Medical Problem #2
Brothers Isaac (Shamier Anderson) and Johnny Wolfe (Dewshane Williams) are wheeled into the ER after falling from a roof. Isaac is rushed straight into the OR to attempt to repair his various injuries. Unfortunately, he doesn’t make it. However, due to some unresolved business with his brother – it turns out, they fell off the roof fighting over Johnny’s wife, after Isaac confessed he was in love with her – he is unable to move on. Charlie and Isaac spend this episode discussing the reasoning behind his inability to move on, which is eventually worked through.
Meanwhile, Johnny suffers sever injury to his leg, which resulted in some bone loss. Dr. Goran (Daniel Gillies) convinces Dr. Kinney (Wendy Crewson) to allow him to perform a risky procedure that, if successful, would allow Johnny to be fitted with a prosthetic leg. Of course, once he gets the okay from her, Joel gets worried about his ability to do the procedure, as the procedure is generally not performed on patients as old as Johnny – who is 24. Fortunately, he is successful, and Johnny’s ankle is attached to his upper leg, creating a knee-cap or something for the prosthetic to be attached [I can’t pretend to understand all of the medical things that are discussed on this show – but I’ll buy it. In general, I really enjoyed this storyline – and actually became unexpectedly drawn in by these two brothers. Their reconciliation scene – though Johnny couln’t see Isaac, I still say it was a reconciliation on both sides – really got me, and I loved the actors (and writers) and music selection (Oceanship’s “Hotblack”) for it.]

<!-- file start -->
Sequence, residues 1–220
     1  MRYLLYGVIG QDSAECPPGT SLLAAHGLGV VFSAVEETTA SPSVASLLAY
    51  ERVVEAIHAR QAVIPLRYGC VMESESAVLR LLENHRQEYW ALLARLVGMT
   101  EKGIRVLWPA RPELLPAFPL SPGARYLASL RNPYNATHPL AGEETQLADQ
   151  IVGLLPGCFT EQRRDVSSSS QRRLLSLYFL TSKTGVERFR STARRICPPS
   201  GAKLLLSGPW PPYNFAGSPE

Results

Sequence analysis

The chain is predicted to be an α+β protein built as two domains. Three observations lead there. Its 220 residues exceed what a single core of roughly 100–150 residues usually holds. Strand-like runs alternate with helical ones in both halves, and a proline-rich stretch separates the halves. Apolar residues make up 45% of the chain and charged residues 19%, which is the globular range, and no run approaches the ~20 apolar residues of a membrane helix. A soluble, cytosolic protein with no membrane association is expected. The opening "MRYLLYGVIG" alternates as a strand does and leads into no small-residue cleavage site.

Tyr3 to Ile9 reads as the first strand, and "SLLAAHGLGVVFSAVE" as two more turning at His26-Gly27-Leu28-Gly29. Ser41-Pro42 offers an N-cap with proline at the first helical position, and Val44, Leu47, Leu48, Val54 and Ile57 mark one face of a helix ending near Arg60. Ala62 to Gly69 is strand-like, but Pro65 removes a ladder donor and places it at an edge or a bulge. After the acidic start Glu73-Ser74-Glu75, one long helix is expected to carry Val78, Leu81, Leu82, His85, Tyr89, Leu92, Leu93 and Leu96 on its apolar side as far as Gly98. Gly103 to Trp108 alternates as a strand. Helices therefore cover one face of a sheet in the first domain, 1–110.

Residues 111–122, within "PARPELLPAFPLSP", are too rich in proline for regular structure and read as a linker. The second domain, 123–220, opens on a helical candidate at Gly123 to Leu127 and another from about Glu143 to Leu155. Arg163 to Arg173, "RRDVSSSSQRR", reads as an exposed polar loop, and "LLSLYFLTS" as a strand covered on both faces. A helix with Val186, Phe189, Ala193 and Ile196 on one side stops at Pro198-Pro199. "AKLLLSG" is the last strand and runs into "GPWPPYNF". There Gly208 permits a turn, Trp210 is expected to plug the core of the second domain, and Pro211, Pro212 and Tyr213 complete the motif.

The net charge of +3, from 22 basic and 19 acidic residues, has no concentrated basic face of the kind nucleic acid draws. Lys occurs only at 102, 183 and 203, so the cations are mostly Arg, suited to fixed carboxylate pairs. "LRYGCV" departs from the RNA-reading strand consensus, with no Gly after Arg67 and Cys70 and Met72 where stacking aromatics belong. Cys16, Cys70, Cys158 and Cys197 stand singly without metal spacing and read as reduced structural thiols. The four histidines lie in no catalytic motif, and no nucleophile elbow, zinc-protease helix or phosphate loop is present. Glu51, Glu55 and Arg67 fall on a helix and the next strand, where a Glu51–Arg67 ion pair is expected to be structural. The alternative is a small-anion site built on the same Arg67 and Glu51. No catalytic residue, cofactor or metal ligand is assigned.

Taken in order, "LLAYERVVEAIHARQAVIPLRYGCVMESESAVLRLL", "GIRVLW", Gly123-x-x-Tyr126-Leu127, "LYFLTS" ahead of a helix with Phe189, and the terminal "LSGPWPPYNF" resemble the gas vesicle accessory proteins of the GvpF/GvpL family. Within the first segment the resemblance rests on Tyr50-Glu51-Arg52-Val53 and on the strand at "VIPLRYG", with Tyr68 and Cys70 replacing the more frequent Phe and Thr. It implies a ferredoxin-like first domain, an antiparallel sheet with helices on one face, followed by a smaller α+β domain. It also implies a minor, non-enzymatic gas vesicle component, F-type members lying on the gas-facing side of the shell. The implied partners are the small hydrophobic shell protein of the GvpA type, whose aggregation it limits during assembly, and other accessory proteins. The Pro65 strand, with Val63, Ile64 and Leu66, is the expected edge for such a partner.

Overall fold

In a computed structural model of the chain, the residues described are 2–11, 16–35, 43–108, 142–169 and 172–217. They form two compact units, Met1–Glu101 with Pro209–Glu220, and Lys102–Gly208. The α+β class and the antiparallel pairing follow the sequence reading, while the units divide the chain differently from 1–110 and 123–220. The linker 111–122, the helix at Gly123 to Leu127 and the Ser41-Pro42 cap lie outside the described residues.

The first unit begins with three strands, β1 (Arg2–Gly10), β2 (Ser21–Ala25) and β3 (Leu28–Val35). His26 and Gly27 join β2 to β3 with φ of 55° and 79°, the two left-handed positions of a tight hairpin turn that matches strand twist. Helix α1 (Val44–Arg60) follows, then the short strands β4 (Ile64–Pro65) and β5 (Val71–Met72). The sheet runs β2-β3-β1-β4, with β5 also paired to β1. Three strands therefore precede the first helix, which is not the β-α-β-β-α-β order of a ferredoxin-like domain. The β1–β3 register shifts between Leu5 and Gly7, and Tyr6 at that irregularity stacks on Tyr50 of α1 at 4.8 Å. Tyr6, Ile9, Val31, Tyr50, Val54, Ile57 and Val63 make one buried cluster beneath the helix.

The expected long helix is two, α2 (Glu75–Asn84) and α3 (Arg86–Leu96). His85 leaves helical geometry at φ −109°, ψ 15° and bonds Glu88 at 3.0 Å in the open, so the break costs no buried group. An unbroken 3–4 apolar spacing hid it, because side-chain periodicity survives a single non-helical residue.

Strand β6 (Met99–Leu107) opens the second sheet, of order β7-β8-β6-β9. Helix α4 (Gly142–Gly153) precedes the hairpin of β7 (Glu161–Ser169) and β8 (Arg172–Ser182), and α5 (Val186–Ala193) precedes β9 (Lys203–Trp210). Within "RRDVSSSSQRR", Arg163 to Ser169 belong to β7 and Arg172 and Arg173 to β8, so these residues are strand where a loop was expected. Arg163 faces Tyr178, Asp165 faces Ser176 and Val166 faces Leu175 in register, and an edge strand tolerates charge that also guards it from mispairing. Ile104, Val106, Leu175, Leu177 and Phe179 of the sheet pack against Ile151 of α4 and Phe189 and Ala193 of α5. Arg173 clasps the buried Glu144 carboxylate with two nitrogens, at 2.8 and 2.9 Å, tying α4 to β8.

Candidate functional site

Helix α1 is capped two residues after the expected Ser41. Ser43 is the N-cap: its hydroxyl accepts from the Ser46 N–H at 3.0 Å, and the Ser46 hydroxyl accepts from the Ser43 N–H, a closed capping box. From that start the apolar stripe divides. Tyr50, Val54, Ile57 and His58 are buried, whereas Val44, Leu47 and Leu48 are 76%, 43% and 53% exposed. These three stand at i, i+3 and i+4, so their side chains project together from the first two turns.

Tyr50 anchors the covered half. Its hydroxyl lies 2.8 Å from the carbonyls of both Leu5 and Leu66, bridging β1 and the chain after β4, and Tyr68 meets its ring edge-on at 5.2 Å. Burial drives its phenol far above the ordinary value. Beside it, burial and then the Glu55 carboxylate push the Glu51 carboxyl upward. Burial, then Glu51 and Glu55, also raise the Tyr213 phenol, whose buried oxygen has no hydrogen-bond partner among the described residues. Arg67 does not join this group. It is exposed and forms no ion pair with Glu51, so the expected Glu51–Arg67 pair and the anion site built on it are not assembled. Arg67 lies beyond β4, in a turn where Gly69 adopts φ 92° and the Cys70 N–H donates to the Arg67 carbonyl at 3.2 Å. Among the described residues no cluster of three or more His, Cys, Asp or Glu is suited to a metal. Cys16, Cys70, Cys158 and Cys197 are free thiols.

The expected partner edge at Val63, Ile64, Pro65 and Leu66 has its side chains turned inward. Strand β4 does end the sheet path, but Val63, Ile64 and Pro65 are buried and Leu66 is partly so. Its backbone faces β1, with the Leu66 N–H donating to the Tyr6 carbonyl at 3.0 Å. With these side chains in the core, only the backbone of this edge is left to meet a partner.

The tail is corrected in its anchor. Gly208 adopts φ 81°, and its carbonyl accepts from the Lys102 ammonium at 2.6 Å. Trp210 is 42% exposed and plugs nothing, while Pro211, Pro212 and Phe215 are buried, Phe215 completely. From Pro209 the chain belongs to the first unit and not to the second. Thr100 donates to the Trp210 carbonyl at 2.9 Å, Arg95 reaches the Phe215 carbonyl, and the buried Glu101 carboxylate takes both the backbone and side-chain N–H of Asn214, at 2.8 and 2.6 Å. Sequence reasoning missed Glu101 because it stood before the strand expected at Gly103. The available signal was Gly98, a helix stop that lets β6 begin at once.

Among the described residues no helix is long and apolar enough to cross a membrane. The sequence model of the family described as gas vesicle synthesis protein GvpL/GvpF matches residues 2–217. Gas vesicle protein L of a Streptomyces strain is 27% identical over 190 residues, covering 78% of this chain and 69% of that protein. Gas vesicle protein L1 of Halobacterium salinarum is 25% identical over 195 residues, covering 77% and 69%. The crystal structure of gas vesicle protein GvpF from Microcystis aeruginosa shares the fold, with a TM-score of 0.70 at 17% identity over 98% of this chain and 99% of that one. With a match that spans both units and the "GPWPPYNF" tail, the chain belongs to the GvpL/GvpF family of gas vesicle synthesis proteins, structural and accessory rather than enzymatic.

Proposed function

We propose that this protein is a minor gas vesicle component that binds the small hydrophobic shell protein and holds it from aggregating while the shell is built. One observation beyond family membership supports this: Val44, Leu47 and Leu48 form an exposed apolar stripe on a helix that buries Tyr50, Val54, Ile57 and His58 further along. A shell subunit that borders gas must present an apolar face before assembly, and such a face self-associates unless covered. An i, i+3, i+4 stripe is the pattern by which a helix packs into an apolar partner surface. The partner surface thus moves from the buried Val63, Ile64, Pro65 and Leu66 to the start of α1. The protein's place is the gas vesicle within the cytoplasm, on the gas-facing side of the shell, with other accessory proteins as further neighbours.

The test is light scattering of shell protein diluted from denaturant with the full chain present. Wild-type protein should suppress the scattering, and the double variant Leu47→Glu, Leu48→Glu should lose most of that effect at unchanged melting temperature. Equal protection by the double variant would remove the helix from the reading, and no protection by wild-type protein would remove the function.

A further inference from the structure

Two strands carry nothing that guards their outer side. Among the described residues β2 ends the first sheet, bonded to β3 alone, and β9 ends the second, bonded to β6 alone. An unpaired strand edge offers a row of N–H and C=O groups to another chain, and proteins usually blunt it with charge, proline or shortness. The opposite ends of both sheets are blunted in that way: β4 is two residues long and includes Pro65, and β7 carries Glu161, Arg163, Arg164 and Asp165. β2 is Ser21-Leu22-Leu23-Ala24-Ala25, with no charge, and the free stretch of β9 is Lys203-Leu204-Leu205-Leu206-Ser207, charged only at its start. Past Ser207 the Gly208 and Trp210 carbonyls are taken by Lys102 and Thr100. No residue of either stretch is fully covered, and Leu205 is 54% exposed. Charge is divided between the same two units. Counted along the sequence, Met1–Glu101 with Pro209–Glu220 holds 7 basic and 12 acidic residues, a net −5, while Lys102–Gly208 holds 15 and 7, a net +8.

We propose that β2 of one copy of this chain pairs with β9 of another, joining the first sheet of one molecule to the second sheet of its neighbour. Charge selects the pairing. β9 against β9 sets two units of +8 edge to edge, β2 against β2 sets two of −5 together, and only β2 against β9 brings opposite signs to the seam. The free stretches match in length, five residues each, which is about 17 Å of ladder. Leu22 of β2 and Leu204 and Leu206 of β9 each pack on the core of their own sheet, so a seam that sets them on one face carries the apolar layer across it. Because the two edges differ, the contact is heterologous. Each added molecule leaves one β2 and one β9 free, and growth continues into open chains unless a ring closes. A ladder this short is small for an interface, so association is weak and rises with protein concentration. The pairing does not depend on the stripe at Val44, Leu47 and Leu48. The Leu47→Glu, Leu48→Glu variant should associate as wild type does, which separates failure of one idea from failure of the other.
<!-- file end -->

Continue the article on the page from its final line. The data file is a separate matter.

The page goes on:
The Hope-Zion Hosptial Drama